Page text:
Who is winning this year’s fight over the U.S. military budget?
Is it Defense Secretary Mark Esper and Trump appointees, who say the nation spends too much on 20th-century-style tanks, trucks, and helicopters when it should invest in automated, cyber, and space systems made by such firms as Microsoft for possible use against China and Russia?
Or Congress, where members work hard to defend constituents and contributors at familiar factories run by Boeing and other industrial employers?
There’s money for both. Even though the $732 billion National Defense Authorization Act that sailed through the House Armed Services Committee with a bipartisan 56-0 vote late Wednesday is only about as big as last year’s budget (the Pentagon wanted $800 billion).
As U.S. Rep. Donald Norcross (D., N.J.), who heads the committee’s Tactical Air and Land Forces Subcommittee, said Thursday, the bill would keep some of the Philadelphia area’s biggest employers rolling through the coronavirus recession.
The bill, which differs modestly from a Senate version, includes:
$136 million for five more Boeing CH-47 Chinook helicopter upgrades at the company’s Ridley Park factory, which employs 4,600, making it the area’s largest industrial employer. The spillover work will keep staff busy at contractors such as L3Harris Technologies in Camden.
Funds for four more V-2 Ospreys, whose missions the military doesn’t like to detail. Also made by Boeing at Ridley.
$88 million for the high-energy laser with integrated optical-dazzler and surveillance (HELIOS) weapons system under development at Lockheed Martin in Moorestown. The company employs about 8,000 at a string of Pennsylvania and New Jersey facilities, including 400 at its Coatesville Sikorsky helicopter factory.
A reprieve for aging KC-10 refueling planes the Air Force hoped to retire this year. Those planes are based at Joint Base McGuire-Dix-Lakehurst in Burlington and Ocean Counties, which employs 40,000, one of New Jersey’s biggest job centers.
More military research money so Rowan University engineers can keep developing asphalt that doesn’t freeze in the Arctic, New Jersey Institute of Technology professors can improve cardboard ammunition cartridges to replace familiar brass, and Penn State researchers and others can keep working on new energy systems at the old Philadelphia Naval Base.
A 3% raise for all military personnel. Plus a provision giving military families bigger apartments if they run small day-care centers to ease the shortage at U.S. bases.
Protections for the American Federation of Government Employees and other labor unions representing more than 675,000 civilian defense workers, who President Donald Trump had hoped could be excluded from federal bargaining laws.
A tougher “Buy American” requirement so “major defense acquisition programs” use at least 75% American parts, up from the current 50%. Among the foreign manufacturers likely to lose business are engine-makers in NATO ally countries such as Italy.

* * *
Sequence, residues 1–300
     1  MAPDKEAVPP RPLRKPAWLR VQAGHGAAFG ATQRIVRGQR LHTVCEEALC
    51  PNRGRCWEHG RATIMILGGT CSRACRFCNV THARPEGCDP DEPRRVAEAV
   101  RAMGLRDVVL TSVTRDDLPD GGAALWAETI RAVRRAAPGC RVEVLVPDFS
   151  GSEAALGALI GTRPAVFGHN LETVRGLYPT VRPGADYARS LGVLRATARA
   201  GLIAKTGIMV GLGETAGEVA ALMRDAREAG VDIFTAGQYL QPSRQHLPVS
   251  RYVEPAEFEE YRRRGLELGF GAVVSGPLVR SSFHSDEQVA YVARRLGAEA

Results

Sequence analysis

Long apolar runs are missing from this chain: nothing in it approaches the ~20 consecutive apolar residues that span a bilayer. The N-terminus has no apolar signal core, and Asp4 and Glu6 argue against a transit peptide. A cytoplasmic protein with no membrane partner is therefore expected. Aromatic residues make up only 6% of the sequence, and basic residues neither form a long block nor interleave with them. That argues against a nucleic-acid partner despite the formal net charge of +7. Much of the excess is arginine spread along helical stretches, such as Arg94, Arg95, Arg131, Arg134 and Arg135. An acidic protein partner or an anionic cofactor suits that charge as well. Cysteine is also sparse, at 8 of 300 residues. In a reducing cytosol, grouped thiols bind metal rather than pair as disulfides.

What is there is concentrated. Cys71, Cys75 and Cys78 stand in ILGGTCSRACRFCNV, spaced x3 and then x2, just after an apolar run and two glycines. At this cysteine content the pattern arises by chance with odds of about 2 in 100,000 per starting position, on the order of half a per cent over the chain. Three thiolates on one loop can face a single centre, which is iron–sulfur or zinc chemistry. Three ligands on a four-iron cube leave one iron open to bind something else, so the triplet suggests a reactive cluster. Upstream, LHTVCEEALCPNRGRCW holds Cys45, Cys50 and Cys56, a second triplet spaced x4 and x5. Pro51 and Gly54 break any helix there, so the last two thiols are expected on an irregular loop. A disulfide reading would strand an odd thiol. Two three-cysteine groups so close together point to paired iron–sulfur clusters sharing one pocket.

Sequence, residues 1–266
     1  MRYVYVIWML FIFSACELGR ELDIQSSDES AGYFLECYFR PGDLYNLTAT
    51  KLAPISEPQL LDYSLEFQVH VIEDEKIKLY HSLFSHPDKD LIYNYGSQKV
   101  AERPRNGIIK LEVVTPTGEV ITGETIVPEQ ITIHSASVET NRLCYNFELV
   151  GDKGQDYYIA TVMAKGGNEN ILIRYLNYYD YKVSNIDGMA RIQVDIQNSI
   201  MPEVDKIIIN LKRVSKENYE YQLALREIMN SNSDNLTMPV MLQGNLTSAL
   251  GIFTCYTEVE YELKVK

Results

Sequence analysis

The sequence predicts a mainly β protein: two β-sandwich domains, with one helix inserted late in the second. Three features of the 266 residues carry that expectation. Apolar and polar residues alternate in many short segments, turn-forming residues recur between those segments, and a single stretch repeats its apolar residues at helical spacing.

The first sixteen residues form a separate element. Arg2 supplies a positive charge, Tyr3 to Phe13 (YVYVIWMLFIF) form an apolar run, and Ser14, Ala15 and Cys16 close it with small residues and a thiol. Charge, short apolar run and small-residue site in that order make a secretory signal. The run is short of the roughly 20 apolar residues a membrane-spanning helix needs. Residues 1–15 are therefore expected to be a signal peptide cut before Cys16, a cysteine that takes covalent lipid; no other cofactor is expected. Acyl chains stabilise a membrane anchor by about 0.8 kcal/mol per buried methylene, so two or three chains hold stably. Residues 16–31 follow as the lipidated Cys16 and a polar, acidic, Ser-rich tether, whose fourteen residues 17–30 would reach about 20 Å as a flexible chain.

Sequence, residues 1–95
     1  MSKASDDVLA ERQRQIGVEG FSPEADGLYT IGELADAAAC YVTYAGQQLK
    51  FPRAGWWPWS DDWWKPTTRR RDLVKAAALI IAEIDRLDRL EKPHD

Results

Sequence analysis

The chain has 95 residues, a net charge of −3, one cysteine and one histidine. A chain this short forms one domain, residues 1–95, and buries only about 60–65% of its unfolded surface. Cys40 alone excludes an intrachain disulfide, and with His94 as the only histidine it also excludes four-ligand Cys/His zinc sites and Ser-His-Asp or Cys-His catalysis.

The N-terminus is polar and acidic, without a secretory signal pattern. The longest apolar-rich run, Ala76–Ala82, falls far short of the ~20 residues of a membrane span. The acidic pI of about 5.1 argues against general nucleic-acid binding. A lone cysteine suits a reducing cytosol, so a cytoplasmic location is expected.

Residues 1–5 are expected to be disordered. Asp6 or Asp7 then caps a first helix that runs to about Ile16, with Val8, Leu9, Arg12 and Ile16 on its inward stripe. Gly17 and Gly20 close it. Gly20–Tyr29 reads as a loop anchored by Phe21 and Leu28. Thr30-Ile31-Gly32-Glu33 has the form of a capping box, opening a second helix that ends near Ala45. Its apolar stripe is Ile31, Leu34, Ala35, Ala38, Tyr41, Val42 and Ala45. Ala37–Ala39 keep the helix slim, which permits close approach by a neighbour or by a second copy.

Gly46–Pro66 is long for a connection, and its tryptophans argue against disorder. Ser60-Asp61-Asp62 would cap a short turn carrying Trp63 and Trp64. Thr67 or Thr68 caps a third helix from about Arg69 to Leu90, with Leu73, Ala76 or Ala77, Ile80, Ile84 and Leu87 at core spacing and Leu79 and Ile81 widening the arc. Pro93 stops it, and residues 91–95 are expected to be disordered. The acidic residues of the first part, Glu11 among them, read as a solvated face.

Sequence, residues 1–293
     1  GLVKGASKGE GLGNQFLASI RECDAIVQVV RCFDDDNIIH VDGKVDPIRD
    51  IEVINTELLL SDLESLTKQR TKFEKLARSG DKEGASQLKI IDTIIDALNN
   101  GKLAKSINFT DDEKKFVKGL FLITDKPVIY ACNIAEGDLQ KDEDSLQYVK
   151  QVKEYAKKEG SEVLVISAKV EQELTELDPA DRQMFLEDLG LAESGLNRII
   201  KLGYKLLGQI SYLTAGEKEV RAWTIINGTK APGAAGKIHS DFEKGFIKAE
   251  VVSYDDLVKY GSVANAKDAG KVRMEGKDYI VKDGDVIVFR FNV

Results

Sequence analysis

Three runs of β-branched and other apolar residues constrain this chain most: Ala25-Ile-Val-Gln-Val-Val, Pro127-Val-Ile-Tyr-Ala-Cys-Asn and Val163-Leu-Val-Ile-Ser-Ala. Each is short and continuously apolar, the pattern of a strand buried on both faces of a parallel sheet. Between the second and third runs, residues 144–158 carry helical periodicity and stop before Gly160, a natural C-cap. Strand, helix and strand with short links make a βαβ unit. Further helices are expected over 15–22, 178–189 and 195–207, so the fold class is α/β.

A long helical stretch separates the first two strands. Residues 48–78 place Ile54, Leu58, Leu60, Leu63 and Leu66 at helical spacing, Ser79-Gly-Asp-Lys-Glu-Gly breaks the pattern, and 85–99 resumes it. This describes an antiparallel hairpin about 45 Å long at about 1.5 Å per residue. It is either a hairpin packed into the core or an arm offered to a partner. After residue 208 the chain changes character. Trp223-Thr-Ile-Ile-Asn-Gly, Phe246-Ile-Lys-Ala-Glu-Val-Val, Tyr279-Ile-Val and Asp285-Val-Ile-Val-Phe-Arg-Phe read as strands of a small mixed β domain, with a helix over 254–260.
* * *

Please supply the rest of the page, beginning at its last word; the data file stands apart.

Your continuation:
Construction labor unions see pension plans for other union workers as friendly investors in building projects that typically use union contractors.
One of the biggest, the $240 billion-asset California State Teachers’ Retirement System (CalSTRS), is extra sensitive that its taxpayer-funded investments aren’t used to undercut union labor. Its policy calls for considering “prevailing wages” — typically union wages — and promises to pay “fair wages” through “responsible contractors” using competitive bidding.
But the Philadelphia Building and Construction Trades Council complained to CalSTRS last month that the system’s near-wholly owned affiliate, LCOR, based in Berwyn, has been cutting union contractors out of recent jobs, such as a new apartment complex in Conshohocken. Union employers were not “even invited to bid on the job,” says council spokesman Frank Keel.
Among the subcontractors for the site is Florida-based Power Design Inc. The union noted that last winter, Power agreed to pay $2.75 million to the District of Columbia to settle what prosecutors called a “wage theft” complaint for failing to document minimum wages for workers wrongly classified as independent contractors or to pay required unemployment insurance. The company did not admit to wrongdoing, as part of the settlement.
Keel said the union is giving CalSTRS “the benefit of the doubt” that it didn’t check too closely whom LCOR was hiring. But it has also put the pension plan on notice that its labor policies are being watched.
“We did receive the complaint, and we are in the process of reviewing and analyzing the information,” CalSTRS spokesman Thomas Lawrence told me.
TE Connectivity, a Berwyn-based maker of electronic connectors and digital sensors with nearly 100 factories worldwide, had its Pennsylvania plants make anti-coronavirus face shields to donate to medical staff.
The company molded visors at its Lickdale works, and assembled shields in Middletown, where it also made small parts through its 3D printers, says TE spokesman Jeff Cronin. In all, more than half the 120,000 shields it has given away were made in Pennsylvania, then given to staff at Abington, Children’s Hospital of Philadelphia, Doylestown, Einstein-Montgomery, Lehigh Valley-Schuylkill, the University of Pennsylvania, Penn State-Hershey hospitals, and others picked by TE workers, Cronin said.